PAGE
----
The Iranian supreme court ruled on 22 avril 2000 that Akbar Ganji should serve a sentence of six years in prison for "attacking state security," for "insulting the founder of the Islamic Republic and the regime’s sacred values" and for "propaganda against the Islamic Republic."
A writer for the pro-reform dailies Sobhe-e-Emrouz, Neshat and Asr-e-Azadegan and editor of the weekly Rah-e-No, Ganji was convicted for reporting that leading regime officials, including former President Hashemi Rafsanjani and former intelligence minister Ali Fallahian, had been involved in the murder of opponents and intellectuals in late 1998.
He was also criticised for taking part in a April 2000 conference in Berlin on "Iran after the elections" that was deemed "anti-Islamic" and "anti-revolutionary."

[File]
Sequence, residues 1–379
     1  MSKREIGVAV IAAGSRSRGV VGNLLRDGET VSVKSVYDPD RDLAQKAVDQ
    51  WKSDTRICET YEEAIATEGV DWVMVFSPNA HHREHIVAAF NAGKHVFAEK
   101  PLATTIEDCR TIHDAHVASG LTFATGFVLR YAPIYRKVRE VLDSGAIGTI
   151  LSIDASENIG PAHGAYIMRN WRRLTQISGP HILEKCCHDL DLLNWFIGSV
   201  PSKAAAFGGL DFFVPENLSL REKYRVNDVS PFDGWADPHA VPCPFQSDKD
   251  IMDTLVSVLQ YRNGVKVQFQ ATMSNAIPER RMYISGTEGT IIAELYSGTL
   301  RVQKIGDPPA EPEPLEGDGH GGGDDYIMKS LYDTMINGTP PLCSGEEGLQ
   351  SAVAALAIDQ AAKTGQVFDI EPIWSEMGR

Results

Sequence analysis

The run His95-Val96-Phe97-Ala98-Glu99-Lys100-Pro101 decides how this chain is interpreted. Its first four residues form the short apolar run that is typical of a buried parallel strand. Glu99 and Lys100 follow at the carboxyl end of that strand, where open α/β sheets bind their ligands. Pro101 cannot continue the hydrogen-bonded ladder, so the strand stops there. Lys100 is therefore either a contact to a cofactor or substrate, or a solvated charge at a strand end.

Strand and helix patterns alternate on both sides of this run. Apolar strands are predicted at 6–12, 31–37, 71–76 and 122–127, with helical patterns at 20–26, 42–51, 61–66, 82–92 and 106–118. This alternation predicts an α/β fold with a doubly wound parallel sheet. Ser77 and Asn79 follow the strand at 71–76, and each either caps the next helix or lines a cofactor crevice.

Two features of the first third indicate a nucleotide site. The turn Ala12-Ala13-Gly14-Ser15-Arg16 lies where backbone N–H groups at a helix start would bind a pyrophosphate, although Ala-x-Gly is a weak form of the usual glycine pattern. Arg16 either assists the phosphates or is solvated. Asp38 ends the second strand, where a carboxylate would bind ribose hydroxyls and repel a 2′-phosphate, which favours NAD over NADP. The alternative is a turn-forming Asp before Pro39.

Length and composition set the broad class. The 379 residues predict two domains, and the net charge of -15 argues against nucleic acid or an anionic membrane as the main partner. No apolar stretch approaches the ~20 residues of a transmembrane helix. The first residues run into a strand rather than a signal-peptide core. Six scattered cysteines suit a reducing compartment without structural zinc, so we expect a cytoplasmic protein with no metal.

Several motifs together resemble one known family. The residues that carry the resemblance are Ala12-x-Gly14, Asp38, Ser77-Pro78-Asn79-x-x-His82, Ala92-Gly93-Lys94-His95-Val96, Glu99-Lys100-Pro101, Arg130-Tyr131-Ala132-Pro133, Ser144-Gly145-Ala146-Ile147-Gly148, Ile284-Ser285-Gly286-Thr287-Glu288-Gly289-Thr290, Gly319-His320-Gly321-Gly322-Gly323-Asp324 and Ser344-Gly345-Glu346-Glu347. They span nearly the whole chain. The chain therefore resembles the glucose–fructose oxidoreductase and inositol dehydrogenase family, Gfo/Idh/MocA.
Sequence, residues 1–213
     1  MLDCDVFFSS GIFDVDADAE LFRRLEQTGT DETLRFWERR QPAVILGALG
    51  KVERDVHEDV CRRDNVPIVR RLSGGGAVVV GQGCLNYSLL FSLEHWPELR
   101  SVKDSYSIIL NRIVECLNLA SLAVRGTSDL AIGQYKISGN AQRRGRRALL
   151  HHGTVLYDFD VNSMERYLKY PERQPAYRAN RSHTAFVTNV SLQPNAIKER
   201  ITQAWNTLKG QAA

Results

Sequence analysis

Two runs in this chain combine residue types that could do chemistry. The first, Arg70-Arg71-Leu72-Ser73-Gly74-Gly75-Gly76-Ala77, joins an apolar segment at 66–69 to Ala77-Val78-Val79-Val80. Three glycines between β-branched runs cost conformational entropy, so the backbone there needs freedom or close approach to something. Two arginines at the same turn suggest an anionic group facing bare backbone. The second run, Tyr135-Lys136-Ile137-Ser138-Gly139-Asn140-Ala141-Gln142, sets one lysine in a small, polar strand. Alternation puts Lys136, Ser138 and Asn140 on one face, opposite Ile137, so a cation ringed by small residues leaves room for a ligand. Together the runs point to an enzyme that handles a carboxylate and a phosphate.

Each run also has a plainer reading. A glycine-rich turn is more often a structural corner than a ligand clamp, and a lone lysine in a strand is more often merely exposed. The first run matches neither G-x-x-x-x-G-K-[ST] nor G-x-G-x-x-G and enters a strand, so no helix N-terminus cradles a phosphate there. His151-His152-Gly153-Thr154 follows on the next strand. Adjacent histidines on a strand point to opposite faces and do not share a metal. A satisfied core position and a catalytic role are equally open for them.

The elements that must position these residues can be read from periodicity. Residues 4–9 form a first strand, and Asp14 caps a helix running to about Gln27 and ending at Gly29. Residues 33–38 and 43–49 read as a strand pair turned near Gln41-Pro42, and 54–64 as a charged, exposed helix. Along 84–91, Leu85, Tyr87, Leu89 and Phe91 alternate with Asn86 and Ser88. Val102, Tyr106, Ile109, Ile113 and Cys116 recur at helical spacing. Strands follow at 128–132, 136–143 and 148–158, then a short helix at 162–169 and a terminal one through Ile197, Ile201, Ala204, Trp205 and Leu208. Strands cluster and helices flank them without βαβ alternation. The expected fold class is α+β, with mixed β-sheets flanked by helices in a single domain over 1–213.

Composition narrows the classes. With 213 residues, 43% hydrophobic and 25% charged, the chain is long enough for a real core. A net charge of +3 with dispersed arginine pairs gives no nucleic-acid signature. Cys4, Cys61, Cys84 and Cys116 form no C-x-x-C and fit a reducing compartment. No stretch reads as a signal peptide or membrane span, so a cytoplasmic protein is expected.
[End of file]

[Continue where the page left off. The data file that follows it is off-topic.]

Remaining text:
He was additionally alleged to have used classified Ministry of Islamic Guidance documents and to have written articles in support of Ayatollah Hossein-Ali Montazeri - the onetime successor to the Islamic regime’s founder, Ayatollah Khomeiny - who was put under house arrest after Khomeiny died.
Ganji has been held for four years in Evin prison in northern Tehran, where he has sometimes had to share a cell with non-political prisoners. Aged 47 and an acute asthma sufferer, he has lost 22 kilos since he began a hunger strike on 11 June to demand his unconditional release. He was taken to Milad hospital on 24 July . He stopped his hunger strike after more than 60 days and has not been allowed to receive a visit from his lawyers although Iranian law provides for this. His wife, who was forbidden of visiting him since August 1 has finally received authorisation on August 21.
Calls for his release have been made by US President George Bush, the European Union and many international human rights organisations.